Ethereum Wallets


It is worth noting that Ethereum wallets work nothing like conventional physical wallets do. Ether is actually is not stored in your wallet, or anywhere else for that matter. Ether, just like every other cryptocurrency, doesn’t exist in any tangible shape or form. All that exists are records on the Blockchain, and your wallet will only interact with the Blockchain to enable transactions.

Wallets have public addresses, which are randomly generated strings of case-sensitive letters and numbers. If someone wants to send you some Ether, they will send it to this address, which is also referred to as a ‘public key,’ essentially transferring the ownership of the coins.

What is stored ins your wallet, is your ‘private key,’ a password that you will need to sign off on transactions and unlock coins shared to you. It goes without saying that your private key has to be kept a secret if you would like to avoid theft of your Ether.

The public and private keys are paired, which means that in order for you to perform any transaction, the two strings of numbers and letters should match.

How to choose a wallet

Your own or third-party Ethereum wallet

The easiest way of storing your Ether is doing so in a third-party wallet, for instance in a wallet provided by an exchange. Of course, in this way you have easy access to your funds and keeping your tokens on the exchange will probably speed up the trading process. But, if opting for this method, you will essentially give the exchange full control over your funds, as it is the third party that stores your private keys. Moreover, the cryptocurrency history is filled with instances of exchanges being hacked and their users’ funds being stolen.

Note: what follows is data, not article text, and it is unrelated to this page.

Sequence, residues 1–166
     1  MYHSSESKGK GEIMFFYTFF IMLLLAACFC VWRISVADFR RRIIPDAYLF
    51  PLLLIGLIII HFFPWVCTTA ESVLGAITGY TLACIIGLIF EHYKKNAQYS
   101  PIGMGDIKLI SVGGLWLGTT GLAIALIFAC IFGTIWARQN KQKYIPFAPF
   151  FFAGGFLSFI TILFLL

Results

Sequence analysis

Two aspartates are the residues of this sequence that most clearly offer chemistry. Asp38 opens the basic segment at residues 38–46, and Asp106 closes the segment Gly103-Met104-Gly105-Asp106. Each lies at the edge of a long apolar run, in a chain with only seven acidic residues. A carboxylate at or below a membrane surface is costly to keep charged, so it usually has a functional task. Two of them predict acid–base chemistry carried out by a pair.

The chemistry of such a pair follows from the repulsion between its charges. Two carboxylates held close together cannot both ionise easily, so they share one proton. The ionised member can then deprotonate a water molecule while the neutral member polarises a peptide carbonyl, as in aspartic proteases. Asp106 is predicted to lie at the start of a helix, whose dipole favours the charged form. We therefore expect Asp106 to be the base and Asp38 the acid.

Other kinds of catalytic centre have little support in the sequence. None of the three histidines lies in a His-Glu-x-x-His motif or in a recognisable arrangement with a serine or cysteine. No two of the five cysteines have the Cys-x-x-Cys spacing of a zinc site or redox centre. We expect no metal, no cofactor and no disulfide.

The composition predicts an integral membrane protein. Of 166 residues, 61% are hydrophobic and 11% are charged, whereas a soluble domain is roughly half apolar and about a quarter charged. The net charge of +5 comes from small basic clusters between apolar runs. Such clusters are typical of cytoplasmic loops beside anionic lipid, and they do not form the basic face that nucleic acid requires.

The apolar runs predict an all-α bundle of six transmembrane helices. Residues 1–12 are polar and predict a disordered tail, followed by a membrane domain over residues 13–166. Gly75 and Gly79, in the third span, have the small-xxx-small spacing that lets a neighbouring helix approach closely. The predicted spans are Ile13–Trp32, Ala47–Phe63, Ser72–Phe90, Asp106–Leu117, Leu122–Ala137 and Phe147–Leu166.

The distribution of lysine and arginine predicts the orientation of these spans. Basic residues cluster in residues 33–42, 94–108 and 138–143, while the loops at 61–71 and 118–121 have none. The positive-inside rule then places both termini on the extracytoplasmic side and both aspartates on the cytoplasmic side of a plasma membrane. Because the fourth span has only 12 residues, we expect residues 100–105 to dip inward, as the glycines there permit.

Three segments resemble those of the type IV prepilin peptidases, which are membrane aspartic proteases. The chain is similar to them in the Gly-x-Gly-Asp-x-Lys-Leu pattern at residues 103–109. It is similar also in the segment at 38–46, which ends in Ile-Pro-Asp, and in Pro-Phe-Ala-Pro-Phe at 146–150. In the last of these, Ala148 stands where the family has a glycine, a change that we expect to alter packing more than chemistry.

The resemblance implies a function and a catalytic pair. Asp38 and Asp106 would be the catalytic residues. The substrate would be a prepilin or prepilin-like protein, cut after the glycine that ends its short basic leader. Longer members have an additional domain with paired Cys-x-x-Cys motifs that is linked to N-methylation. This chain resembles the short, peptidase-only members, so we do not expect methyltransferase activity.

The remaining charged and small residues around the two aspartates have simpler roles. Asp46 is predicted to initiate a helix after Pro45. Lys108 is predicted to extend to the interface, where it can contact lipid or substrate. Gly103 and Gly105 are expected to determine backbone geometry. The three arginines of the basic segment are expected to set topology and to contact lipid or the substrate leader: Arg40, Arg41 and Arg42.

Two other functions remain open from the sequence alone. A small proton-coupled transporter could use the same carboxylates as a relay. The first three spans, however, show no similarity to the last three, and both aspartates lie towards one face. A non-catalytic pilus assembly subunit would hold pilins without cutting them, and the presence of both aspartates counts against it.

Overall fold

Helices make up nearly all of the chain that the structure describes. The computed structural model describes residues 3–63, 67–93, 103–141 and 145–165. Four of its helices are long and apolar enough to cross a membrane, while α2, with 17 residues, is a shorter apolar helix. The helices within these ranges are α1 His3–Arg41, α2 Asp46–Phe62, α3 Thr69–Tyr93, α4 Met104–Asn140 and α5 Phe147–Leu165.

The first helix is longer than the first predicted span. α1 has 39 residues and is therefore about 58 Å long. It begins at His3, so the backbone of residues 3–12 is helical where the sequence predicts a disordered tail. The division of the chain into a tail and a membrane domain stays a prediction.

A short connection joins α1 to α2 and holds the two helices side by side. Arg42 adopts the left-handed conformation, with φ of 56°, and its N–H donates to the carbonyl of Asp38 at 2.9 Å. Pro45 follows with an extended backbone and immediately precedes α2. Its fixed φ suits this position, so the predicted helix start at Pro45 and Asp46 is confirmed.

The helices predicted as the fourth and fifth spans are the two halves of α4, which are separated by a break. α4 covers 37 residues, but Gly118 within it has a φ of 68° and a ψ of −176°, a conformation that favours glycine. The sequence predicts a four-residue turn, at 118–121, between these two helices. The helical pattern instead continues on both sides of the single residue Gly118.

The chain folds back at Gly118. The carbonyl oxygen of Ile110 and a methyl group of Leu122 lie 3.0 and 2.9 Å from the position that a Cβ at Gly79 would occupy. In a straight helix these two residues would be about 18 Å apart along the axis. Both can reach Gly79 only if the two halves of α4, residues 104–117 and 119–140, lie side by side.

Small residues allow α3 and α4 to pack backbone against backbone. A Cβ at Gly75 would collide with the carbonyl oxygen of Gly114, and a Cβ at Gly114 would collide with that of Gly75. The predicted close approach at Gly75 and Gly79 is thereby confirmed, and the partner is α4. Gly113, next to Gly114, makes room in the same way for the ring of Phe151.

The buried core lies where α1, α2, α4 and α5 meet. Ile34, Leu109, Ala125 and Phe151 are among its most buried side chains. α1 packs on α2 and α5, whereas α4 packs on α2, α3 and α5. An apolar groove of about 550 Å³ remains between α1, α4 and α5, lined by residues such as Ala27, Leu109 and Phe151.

The Ethereum platform allows you to create a personal wallet for yourself, and you can choose from a variety of options. This way, you and only you will have control over the private key and, by extension, access to your funds.

Full node or not

Running a full node enables you to have direct access to the Ethereum Blockchain. If you don't have one, you will need to connect to another node to receive all the necessary information and verify your transactions.

A full node wallet requires you to download the entire Ethereum Blockchain to operate. Essentially, this transforms your computer into a node, an entity that supports the entire network by updating the Blockchain via reaching an agreement on the legitimacy of transactions with other nodes. This is only possible if using a desktop wallet, as the Blockchain is many gigabytes in size and it is constantly growing.


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